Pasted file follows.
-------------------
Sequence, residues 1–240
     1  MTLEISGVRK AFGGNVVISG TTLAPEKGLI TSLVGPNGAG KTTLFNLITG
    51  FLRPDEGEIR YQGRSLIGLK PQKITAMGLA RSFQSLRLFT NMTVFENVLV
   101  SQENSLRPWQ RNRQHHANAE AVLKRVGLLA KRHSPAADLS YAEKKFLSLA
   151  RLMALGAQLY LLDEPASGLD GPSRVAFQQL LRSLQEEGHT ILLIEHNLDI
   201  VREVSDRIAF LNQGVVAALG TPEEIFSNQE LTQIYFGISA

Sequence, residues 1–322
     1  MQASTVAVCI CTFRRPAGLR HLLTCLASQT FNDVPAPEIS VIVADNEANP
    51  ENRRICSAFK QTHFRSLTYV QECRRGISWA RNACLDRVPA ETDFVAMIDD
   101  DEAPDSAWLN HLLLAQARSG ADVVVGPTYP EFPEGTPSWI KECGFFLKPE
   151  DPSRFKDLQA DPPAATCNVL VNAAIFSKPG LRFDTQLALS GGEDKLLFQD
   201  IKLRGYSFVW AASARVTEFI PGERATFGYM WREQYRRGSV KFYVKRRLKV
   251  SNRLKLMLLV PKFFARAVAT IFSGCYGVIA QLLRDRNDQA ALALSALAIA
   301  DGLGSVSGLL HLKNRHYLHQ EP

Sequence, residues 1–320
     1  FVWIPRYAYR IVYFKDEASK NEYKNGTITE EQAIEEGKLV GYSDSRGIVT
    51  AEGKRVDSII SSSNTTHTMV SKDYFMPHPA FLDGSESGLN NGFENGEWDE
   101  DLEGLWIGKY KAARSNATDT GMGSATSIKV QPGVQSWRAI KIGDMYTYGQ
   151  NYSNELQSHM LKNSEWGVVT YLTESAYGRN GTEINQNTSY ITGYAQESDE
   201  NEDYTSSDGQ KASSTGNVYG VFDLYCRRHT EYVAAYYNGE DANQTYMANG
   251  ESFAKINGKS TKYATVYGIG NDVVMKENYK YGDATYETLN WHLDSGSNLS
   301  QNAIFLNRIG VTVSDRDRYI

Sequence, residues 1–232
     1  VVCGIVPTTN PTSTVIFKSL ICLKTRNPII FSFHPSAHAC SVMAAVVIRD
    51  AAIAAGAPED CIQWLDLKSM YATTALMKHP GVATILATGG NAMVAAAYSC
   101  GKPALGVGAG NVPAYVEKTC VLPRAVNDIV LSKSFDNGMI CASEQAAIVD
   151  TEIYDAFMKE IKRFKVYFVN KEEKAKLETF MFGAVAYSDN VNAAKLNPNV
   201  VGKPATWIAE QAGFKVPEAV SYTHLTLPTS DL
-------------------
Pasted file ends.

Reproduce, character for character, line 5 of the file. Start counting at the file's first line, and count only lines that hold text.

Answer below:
   151  RLMALGAQLY LLDEPASGLD GPSRVAFQQL LRSLQEEGHT ILLIEHNLDI